The Handmaid's Tale

A dystopian novel in the vein of 1984 and Brave New World, both big books during Margaret Atwood's adolescence. Here we have deadening domestic boredom punctuated by flashes of brilliant insight. A pretty good sense of life in a twenty-first century religious fundamentalist state is evoked. But for some reason, the book did not shock and scare me in the way 1984 did. I think this is because I got a lot of insight into the lives of the oppressed, but very little into the lives of the oppressor. The Commander is seen only through Offred's eyes, and all her conclusions about his personality and motivations are tentative, uncertain, subjective. Atwood leaves the reader to draw their own explanation for why this extraordinary society has come about. For me this wasn't enough. I wanted HER explanation. I wanted to be confronted with the monster direct, to understand him intimately. Basically, I wanted O'Brien's brutally candid lectures in 1984.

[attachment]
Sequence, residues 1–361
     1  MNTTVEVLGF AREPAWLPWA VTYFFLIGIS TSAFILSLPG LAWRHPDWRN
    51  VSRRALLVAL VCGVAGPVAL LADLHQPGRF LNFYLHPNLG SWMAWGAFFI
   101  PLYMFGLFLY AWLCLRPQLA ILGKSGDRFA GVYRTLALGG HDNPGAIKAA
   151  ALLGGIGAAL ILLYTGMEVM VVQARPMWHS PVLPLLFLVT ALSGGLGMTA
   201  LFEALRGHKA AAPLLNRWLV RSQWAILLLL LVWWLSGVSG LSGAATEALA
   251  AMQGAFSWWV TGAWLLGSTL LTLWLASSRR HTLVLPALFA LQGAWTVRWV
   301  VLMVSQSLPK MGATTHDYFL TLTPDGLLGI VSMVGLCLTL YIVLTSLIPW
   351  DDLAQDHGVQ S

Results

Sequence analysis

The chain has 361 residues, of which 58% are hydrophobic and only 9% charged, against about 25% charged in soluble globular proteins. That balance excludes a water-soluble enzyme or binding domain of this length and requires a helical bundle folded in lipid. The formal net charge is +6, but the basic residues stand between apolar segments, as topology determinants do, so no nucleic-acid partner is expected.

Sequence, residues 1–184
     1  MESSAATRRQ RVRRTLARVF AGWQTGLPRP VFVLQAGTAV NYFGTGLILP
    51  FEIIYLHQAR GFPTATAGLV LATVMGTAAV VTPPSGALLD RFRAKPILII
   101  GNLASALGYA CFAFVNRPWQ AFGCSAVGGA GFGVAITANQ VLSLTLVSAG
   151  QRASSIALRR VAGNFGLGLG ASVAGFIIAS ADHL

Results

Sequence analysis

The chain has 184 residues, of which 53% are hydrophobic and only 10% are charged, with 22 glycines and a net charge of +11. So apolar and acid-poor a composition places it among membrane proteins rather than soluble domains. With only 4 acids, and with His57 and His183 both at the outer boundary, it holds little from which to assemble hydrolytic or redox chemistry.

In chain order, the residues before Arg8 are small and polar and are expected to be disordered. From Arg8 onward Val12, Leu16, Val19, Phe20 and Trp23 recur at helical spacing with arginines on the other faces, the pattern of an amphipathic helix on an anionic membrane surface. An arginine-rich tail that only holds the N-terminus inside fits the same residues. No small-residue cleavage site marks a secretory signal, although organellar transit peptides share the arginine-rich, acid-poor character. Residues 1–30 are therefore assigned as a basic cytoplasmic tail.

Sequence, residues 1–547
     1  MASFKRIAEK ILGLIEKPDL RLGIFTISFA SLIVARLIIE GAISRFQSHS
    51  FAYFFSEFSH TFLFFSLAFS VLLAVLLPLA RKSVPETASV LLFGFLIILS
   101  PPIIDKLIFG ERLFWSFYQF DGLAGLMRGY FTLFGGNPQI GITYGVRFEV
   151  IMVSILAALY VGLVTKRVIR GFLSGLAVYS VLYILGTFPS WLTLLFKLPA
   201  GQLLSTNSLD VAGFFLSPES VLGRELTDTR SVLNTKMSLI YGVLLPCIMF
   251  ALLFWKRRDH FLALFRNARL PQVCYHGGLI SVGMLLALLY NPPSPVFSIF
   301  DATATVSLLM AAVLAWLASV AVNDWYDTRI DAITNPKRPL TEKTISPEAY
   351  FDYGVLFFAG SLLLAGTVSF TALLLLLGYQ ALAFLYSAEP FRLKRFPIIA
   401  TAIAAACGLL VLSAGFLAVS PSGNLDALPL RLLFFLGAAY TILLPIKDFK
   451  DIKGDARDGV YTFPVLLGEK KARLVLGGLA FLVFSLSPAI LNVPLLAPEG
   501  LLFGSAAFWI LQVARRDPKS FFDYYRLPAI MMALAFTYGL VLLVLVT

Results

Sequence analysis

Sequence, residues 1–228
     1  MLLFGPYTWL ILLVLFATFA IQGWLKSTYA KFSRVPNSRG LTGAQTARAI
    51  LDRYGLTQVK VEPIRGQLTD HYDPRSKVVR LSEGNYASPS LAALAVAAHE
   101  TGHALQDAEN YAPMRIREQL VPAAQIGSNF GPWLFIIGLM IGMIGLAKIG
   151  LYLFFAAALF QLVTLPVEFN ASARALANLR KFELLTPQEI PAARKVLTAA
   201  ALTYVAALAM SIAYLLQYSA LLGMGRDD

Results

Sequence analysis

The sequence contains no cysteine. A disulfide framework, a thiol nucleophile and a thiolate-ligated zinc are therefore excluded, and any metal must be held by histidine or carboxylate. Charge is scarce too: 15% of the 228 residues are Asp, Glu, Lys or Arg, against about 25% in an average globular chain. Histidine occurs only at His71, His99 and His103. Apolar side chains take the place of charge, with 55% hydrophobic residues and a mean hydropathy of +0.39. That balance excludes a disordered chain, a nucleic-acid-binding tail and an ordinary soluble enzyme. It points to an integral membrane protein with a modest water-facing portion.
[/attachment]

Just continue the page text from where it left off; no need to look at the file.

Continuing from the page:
For the effects of evil are not as fascinating as its source.

No comments:

Post a Comment